Journal of Arid Land

Article Title

Comparison of two remote sensing models for estimating evapotranspiration: algorithm evaluation and application in seasonally arid ecosystems in South Africa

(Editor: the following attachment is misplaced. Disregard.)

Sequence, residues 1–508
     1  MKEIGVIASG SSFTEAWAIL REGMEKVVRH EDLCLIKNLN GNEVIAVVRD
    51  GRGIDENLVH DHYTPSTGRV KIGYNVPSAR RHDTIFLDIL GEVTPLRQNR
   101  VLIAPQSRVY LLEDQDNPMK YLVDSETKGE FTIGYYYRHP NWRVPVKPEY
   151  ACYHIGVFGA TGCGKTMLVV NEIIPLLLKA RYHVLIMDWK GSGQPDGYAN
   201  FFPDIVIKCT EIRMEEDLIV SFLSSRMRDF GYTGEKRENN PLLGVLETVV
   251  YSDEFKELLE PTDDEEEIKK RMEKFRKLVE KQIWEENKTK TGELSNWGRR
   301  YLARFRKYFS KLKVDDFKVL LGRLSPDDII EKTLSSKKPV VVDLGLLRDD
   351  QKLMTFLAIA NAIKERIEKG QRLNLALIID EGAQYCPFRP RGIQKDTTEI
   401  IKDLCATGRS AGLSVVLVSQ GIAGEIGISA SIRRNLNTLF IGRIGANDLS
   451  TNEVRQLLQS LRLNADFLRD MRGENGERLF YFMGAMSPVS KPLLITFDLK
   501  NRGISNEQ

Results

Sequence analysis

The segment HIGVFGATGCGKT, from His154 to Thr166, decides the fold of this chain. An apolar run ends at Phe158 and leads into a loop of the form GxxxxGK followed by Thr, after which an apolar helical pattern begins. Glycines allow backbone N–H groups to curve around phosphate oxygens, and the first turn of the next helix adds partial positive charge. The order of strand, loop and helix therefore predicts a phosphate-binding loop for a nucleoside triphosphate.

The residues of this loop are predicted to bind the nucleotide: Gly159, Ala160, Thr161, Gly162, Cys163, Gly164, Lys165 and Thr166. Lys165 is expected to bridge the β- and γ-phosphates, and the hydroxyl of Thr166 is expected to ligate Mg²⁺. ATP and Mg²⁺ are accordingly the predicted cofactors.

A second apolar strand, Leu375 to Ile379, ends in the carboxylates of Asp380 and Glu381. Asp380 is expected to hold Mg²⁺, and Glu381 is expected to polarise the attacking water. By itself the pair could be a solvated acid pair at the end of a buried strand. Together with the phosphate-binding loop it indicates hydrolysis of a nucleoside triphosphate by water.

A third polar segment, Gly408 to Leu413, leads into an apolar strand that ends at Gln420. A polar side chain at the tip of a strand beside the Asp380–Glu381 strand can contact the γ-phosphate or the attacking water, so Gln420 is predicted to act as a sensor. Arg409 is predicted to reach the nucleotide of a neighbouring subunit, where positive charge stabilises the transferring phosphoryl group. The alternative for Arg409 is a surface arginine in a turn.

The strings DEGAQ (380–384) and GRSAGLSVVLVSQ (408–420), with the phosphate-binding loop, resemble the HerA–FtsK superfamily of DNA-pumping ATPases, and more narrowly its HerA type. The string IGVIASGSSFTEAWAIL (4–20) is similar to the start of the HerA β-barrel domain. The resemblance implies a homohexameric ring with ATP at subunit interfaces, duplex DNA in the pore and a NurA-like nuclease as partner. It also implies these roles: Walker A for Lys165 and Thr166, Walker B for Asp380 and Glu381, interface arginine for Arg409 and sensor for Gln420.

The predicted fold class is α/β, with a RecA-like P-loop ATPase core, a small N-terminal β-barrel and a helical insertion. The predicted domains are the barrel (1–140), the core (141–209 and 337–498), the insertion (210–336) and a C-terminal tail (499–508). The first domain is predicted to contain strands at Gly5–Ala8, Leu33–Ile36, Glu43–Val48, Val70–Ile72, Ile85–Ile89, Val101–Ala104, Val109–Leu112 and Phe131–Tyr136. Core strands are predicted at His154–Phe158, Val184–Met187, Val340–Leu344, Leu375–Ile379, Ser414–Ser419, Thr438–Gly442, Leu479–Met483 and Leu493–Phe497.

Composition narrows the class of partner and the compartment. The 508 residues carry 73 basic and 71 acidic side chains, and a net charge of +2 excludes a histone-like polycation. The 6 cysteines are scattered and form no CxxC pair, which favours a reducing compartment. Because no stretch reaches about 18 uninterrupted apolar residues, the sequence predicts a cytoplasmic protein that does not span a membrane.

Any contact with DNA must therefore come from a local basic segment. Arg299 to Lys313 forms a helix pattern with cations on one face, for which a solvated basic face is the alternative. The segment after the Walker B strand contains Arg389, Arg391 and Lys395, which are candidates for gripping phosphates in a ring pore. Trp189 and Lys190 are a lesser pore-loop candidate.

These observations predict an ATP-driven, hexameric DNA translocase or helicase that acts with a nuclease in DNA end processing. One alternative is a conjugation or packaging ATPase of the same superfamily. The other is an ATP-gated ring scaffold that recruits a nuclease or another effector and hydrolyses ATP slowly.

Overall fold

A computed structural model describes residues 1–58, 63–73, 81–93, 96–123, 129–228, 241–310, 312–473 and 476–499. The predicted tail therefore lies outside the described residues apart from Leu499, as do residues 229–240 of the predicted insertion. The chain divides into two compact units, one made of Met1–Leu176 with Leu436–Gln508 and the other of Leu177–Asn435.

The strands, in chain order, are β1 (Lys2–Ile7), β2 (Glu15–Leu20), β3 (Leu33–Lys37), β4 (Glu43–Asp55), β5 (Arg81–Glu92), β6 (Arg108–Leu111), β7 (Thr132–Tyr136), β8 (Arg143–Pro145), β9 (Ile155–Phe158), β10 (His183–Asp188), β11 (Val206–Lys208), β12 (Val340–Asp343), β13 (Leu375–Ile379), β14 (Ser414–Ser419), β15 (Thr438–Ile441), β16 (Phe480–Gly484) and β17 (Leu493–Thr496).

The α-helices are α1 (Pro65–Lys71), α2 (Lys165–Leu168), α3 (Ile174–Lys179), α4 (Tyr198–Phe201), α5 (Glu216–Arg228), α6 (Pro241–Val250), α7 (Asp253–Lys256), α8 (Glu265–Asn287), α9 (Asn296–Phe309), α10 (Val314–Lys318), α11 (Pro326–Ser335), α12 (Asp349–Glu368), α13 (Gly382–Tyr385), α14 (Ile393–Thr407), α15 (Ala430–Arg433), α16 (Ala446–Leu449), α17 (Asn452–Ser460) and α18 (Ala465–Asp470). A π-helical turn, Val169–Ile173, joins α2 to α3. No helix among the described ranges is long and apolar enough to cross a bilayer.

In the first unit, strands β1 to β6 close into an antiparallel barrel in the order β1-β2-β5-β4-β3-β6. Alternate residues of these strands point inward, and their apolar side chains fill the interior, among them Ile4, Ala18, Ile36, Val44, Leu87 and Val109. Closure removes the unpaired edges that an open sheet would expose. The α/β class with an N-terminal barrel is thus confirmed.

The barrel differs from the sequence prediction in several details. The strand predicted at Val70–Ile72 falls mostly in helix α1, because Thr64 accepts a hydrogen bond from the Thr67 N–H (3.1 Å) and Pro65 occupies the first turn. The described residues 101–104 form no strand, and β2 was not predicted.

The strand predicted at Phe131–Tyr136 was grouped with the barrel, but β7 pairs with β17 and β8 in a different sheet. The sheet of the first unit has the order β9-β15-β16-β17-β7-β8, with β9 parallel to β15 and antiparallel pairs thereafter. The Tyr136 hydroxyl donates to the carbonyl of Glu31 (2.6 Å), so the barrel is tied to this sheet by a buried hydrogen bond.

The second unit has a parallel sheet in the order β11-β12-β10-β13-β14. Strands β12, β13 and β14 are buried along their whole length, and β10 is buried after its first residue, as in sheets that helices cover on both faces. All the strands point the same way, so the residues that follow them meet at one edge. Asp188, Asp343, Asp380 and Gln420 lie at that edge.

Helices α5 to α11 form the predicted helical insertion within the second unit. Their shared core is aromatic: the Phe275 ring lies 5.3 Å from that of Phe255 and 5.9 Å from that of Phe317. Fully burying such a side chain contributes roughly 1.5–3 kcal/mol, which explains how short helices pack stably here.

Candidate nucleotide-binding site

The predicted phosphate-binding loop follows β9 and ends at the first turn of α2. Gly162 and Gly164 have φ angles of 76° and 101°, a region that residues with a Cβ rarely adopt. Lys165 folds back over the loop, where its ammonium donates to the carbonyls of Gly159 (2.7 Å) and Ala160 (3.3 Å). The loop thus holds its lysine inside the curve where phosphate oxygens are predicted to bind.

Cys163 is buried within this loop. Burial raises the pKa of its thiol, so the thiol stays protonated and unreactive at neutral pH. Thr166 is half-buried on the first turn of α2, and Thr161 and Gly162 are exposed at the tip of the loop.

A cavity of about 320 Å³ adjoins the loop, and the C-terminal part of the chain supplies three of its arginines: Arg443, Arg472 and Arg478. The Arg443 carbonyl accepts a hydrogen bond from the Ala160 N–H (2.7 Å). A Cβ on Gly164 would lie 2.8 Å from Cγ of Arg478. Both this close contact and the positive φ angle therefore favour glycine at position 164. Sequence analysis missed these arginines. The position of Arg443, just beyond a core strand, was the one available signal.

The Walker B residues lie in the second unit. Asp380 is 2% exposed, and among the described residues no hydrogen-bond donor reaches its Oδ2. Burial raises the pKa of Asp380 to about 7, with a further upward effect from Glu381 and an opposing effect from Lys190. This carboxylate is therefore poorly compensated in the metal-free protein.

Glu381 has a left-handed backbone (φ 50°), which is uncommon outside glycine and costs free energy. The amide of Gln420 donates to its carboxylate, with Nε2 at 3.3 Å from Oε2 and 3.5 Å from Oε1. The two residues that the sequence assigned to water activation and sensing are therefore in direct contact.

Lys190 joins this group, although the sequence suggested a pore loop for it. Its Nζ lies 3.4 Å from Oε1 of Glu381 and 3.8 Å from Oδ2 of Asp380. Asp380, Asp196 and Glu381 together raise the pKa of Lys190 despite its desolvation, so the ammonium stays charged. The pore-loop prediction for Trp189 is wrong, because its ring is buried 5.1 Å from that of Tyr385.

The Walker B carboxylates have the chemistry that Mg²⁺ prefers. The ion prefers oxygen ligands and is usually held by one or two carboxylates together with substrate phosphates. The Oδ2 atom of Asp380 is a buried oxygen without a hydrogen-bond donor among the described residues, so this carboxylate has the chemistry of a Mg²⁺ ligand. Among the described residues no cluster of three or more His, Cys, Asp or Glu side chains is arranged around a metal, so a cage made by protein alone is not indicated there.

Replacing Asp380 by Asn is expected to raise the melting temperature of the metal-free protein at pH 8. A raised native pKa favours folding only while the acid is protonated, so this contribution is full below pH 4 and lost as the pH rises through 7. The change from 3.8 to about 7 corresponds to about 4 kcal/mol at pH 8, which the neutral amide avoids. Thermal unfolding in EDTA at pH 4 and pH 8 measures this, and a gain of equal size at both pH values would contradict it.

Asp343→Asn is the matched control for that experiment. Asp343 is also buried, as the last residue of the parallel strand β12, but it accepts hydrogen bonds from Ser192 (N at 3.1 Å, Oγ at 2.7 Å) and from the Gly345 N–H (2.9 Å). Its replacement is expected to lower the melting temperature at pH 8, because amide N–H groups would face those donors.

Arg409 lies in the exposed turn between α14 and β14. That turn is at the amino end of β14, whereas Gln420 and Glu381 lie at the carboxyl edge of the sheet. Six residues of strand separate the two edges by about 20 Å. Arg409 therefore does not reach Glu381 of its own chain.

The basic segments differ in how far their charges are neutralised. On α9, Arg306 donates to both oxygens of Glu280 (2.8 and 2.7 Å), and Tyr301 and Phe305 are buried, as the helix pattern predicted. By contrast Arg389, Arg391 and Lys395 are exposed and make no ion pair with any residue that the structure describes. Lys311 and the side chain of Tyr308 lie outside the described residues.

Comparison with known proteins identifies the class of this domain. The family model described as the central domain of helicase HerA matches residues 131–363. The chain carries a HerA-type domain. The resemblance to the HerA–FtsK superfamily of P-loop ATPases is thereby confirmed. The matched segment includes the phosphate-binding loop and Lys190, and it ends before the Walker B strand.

Remote sensing tools are becoming increasingly important for providing spatial information on water use by different ecosystems. Despite significant advances in remote sensing based evapotranspiration (ET) models in recent years, important information gaps still exist on the accuracy of the models particularly in arid and semi-arid environments. In this study we evaluated the Penman-Monteith based MOD16 and the modified Priestley-Taylor (PT-JPL) models at the daily time step against three measured evapotranspiration datasets. We used data from two summer rainfall and one winter rainfall site in South Africa. One site was dominated by native broad leaf and the other by fine leafed deciduous savanna tree species and C4 grasses. The third site was in the winter rainfall Cape region and had shrubby fynbos vegetation. Actual ET was measured using open-path eddy covariance systems at the summer rainfall sites while a surface energy balance system utilizing the large aperture boundary layer scintillometer was used in the Cape. Model performance varied between sites and between years with the worst estimates (R2<0.50 and RMSE>0.80 mm/d) observed during years with prolonged mid-summer dry spells in the summer rainfall areas. Sensitivity tests on MOD16 showed that the leaf area index, surface conductance and radiation budget parameters had the largest effect on simulated ET. MOD16 ET predictions were improved by: (1) reformulating the emissivity expressions in the net radiation equation; (2) incorporating representative surface conductance values, and (3) including a soil moisture stress function in the transpiration sub-model. Implementing these changes increased the accuracy of MOD16 daily ET predictions at all sites. However, similar adjustments to the PT-JPL model yielded minimal improvements. We conclude that the MOD16 ET model has the potential to accurately predict water use in arid environments provided soil water stress and accurate biome-specific parameters are incorporated.

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